Group with tiki torches at Youngkin campaign event in Charlottesville, Va.; Lincoln Project claims credit

A group of people holding Tiki torches as they stand next to Glenn Youngkin's campaign bus in...
A group of people holding Tiki torches as they stand next to Glenn Youngkin's campaign bus in Charlottesville.(WVIR)
Published: Oct. 29, 2021 at 6:25 PM CDT
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CHARLOTTESVILLE, Va. (WVIR) - A campaign stop by the Republican candidate for Virginia governor Friday was overshadowed by a group of people holding tiki torches, reminiscent of extremists at a rally at the University of Virginia in 2017 where a person was killed.

WVIR reported the five people, wearing white button-down shirts and khaki pants with unlit torches in hand, stood next to Glenn Youngkin’s campaign bus while he was inside a restaurant. The Lincoln Project, a political action committee of Republicans and ex-GOP members against former President Donald Trump, put out a statement claiming responsibility.

“Today’s demonstration was our way of reminding Virginians what happened in Charlottesville four years ago, the Republican Party’s embrace of those values and Glenn Youngkin’s failure to condemn it,” Lincoln Project said in the statement.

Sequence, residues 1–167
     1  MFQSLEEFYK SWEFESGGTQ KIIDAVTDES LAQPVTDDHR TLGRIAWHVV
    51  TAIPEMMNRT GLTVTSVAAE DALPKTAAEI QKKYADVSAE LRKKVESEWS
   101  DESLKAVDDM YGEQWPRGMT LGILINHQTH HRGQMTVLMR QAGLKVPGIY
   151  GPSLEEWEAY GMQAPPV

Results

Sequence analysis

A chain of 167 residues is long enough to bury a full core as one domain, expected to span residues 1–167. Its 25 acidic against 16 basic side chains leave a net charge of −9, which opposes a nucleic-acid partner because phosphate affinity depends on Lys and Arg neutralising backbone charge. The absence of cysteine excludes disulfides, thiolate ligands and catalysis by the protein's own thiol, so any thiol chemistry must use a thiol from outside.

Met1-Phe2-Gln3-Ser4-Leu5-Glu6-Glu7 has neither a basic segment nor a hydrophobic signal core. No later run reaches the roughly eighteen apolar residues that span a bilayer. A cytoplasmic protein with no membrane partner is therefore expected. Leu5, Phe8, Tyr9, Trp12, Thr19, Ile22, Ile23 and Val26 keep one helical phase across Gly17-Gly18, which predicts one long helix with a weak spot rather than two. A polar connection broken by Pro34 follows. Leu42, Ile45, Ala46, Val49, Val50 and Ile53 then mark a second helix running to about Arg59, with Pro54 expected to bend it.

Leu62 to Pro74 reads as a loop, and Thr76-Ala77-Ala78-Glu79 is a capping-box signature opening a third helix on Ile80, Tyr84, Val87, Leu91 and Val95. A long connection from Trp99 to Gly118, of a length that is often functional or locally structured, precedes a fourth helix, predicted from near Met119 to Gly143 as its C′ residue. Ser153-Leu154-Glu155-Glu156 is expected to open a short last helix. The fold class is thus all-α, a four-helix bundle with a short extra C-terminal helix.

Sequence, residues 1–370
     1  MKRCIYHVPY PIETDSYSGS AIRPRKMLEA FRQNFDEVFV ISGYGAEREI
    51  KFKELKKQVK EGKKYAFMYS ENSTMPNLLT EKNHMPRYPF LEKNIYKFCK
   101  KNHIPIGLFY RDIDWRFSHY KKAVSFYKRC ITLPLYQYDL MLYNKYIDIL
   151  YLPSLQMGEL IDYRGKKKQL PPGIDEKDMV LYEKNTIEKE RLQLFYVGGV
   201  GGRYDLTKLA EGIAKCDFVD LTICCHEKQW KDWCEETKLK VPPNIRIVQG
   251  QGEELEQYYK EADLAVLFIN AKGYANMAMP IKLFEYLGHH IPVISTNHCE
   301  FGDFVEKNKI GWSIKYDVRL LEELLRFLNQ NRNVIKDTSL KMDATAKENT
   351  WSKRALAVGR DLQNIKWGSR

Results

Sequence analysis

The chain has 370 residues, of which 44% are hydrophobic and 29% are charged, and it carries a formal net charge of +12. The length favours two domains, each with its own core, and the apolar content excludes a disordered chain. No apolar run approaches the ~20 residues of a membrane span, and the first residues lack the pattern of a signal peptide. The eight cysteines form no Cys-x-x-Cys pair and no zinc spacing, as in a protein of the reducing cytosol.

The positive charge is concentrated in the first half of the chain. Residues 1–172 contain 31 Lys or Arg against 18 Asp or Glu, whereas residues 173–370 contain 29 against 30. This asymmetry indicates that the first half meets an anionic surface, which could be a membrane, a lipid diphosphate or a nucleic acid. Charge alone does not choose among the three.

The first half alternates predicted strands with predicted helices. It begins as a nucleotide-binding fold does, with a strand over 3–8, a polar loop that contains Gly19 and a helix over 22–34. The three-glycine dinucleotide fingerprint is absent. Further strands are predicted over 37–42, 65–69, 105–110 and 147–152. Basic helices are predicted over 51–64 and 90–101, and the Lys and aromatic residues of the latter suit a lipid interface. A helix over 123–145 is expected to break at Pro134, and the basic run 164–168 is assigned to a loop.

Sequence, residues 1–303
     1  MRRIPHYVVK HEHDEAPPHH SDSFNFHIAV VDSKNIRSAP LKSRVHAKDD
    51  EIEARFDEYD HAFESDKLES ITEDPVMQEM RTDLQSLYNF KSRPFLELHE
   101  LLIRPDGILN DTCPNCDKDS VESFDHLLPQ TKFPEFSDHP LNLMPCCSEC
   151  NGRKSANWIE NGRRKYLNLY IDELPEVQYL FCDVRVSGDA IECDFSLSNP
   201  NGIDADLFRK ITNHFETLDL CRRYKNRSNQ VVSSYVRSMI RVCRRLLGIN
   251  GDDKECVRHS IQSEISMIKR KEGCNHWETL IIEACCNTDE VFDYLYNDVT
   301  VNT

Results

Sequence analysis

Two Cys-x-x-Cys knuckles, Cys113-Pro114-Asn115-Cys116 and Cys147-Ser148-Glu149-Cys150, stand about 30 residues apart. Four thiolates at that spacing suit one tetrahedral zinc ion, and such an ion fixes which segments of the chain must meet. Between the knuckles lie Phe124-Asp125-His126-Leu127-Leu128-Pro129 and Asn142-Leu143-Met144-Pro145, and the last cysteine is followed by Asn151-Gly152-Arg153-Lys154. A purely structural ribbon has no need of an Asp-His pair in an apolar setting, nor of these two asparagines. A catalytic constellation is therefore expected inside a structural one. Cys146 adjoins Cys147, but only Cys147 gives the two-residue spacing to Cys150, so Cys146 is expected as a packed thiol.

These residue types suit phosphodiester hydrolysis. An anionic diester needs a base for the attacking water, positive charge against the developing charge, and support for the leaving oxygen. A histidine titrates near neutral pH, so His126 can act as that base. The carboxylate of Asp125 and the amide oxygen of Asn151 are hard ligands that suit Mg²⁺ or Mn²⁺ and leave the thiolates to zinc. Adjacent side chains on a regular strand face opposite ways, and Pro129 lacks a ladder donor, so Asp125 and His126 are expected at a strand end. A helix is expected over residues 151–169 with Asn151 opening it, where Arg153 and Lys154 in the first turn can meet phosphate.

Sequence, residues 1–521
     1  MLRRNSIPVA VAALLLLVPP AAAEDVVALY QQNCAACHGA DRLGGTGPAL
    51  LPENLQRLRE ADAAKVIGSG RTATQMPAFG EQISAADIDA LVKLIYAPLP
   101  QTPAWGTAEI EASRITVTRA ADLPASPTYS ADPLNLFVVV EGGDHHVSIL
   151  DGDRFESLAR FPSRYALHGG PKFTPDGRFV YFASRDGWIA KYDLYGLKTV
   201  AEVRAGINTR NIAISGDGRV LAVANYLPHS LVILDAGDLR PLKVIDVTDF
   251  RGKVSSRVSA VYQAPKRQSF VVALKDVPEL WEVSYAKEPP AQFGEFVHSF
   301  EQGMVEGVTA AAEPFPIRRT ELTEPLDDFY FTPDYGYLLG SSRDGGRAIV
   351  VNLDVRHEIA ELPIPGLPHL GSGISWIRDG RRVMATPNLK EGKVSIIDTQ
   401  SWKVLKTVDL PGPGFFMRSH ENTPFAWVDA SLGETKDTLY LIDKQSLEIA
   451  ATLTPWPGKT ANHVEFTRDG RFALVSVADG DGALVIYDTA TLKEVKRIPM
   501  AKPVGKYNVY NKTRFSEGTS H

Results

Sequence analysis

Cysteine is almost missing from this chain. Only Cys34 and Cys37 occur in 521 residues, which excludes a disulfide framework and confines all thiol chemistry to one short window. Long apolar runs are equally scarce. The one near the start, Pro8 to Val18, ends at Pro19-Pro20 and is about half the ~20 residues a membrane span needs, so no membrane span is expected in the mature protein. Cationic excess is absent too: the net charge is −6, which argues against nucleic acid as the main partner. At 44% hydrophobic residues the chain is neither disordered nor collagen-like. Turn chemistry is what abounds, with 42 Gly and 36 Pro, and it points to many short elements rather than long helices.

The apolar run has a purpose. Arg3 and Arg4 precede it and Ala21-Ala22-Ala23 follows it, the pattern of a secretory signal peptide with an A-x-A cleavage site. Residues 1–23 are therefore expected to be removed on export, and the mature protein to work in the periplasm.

Prior to that announcement, Youngkin told an NBC reporter he believed they were sent by his opponent, Terry McAuliffe.

McAuliffe’s team denied the accusation, saying, “This was not us or anyone affiliated with our campaign.”

“What happened today is disgusting and distasteful and we condemn it in the strongest terms. Those involved should immediately apologize,” McAuliffe campaign manager Chris Bolling said in a statement.

Virginia Democrats Executive Director Andrew Whitley also tweeted a response, saying it did not have any role in this event.

Virginia is set to choose between the candidates for governor in an election Tuesday.

Democratic Del. Sally Hudson, who represents Charlottesville in the General Assembly, condemned Friday’s torch-bearing incident as a “stunt.”

“Charlottesville is not a prop. Our community is still reeling from years of trauma - especially this week. Don’t come back, @ProjectLincoln. Your stunts aren’t welcome here,” she tweeted.

A civil trial opened Monday that will determine whether the neo-Nazis and white supremacists who organized the 2017 demonstrations should be held accountable for the violence.

Tiki torches were used by them when they marched on the college campus Aug. 11, 2017, the day before the Unite the Right rally in Charlottesville. Jason Kessler, listed as an organizer of the rally in a federal lawsuit, carried a tiki torch while participating in that march.

A counterprotester, Heather Heyer, was killed when someone drove a car into a crowd of people.

Copyright 2021 WVIR via Gray Media Group, Inc. The Associated Press contributed to the report. All rights reserved.